Revisit Harry Dean Stanton’s heart-wrenching mariachi scene in ‘Lucky’
The late Harry Dean Stanton, who passed aged 91 on this day in 2017, bowed out from his esteemed and prolific career with one last magnetic performance as he took the lead in John Carroll Lynch film Lucky.
The last film that Stanton ever worked in, John Carroll Lynch’s drama follows the spiritual journey of a 90-year-old atheist (played by Harry Dean Stanton). It is an honest exploration of morality, loneliness and human relationships. Stanton’s final performance is a powerful one in which he dominates every frame he is in. Lucky is Stanton’s beautiful farewell letter.
When John Carroll Lynch was asked about his experience working with Stanton, he replied, “Delightful, challenging, frustrating, angering, as well as breathtaking and surprising. He focused so clearly on the moment that he only responded to notes you had on that individual moment of how to play something. You had to say it in a way that was clearly about that moment and not about what you needed as a director. Structure was of no interest to him.”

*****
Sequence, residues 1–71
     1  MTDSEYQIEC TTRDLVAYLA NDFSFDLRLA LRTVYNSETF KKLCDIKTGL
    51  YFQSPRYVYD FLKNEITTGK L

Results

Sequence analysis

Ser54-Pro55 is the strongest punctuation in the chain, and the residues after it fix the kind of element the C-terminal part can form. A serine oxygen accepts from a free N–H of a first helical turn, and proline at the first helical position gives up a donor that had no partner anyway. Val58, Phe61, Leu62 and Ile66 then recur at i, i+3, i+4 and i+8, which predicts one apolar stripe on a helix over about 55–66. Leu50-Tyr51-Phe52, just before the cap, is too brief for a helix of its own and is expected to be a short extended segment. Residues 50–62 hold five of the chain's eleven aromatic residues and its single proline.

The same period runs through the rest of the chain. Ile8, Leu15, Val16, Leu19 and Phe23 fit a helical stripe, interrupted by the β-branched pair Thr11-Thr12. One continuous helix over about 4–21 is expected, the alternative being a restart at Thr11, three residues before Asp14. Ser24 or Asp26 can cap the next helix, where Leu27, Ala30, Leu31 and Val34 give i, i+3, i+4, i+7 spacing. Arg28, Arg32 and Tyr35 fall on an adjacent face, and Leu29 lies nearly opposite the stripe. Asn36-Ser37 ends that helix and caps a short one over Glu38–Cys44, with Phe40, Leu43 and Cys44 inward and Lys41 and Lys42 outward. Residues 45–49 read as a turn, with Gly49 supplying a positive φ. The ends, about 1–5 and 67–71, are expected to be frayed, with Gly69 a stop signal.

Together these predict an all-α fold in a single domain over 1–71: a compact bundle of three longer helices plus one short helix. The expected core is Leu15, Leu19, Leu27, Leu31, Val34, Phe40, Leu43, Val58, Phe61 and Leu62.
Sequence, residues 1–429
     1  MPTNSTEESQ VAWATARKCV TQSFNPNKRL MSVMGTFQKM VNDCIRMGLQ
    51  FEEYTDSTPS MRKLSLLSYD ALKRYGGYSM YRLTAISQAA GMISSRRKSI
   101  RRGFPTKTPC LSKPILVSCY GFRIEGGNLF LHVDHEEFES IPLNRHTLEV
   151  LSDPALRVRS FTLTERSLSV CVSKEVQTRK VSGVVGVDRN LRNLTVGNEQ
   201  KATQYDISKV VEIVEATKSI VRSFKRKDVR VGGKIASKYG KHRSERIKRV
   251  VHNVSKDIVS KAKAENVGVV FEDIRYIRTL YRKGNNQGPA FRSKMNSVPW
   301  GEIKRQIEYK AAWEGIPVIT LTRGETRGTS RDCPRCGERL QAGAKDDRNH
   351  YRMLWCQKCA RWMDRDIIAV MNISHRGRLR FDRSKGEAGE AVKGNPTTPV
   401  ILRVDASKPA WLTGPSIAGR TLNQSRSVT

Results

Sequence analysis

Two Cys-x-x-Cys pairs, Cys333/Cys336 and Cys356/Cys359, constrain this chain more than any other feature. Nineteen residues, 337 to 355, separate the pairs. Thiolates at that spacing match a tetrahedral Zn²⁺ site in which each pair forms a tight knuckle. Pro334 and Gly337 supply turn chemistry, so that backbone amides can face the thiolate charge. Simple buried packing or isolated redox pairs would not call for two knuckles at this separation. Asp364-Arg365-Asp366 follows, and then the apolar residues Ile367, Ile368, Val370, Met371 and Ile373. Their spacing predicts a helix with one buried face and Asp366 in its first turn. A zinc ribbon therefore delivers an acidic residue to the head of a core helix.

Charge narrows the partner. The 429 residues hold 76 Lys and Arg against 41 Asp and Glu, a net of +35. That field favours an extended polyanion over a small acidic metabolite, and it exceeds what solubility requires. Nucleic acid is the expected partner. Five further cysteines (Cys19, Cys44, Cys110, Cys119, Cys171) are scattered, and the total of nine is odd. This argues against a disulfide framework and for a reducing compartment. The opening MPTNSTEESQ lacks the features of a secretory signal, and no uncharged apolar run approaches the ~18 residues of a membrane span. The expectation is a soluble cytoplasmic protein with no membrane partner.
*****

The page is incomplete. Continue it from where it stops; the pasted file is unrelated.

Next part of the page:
While Stanton delivers a performance like no other, rolling back the years in his majesty, fans of the late actor will have one particular Lucky scene etched into the memory for eternity. In it, while reflecting on the world around him, Stanton’s character rises amid the birthday party around him and begins to sing a solo rendition of Vicente Fernández song ‘Volver, Volver’ and, with it, silences all those in attendance. The performance is as heart-wrenching on reflection as it was upon first viewing, the actor laying everything out there in public for his art.
As the film proudly states, with an image of a squinting elderly actor looking out to the desert: “Harry Dean Stanton IS Lucky.” It is in that statement alone that his performance becomes ever more poignant.
David Lynch, who also appeared in the film, later paid tribute to his friend following his passing, stating: “There went a great one. There’s nobody like Harry Dean. Everyone loved him. And with good reason.” And how right he is.
See Harry Dean Stanton’s mesmerising performance, below.